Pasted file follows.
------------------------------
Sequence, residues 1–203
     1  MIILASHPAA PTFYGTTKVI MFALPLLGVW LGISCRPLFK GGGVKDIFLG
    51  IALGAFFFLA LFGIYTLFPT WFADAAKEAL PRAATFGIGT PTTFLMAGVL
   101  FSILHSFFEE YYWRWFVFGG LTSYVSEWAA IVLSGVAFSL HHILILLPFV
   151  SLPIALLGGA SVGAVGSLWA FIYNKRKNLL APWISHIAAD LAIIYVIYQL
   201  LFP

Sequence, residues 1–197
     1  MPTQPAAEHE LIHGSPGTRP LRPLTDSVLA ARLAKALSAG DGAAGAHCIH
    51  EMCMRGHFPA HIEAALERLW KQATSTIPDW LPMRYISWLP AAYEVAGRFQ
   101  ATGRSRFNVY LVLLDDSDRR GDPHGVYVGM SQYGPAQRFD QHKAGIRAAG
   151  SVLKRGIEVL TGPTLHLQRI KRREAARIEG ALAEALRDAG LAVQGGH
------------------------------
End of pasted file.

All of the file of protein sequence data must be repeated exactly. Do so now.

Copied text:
Sequence, residues 1–203
     1  MIILASHPAA PTFYGTTKVI MFALPLLGVW LGISCRPLFK GGGVKDIFLG
    51  IALGAFFFLA LFGIYTLFPT WFADAAKEAL PRAATFGIGT PTTFLMAGVL
   101  FSILHSFFEE YYWRWFVFGG LTSYVSEWAA IVLSGVAFSL HHILILLPFV
   151  SLPIALLGGA SVGAVGSLWA FIYNKRKNLL APWISHIAAD LAIIYVIYQL
   201  LFP

Sequence, residues 1–197
     1  MPTQPAAEHE LIHGSPGTRP LRPLTDSVLA ARLAKALSAG DGAAGAHCIH
    51  EMCMRGHFPA HIEAALERLW KQATSTIPDW LPMRYISWLP AAYEVAGRFQ
   101  ATGRSRFNVY LVLLDDSDRR GDPHGVYVGM SQYGPAQRFD QHKAGIRAAG
   151  SVLKRGIEVL TGPTLHLQRI KRREAARIEG ALAEALRDAG LAVQGGH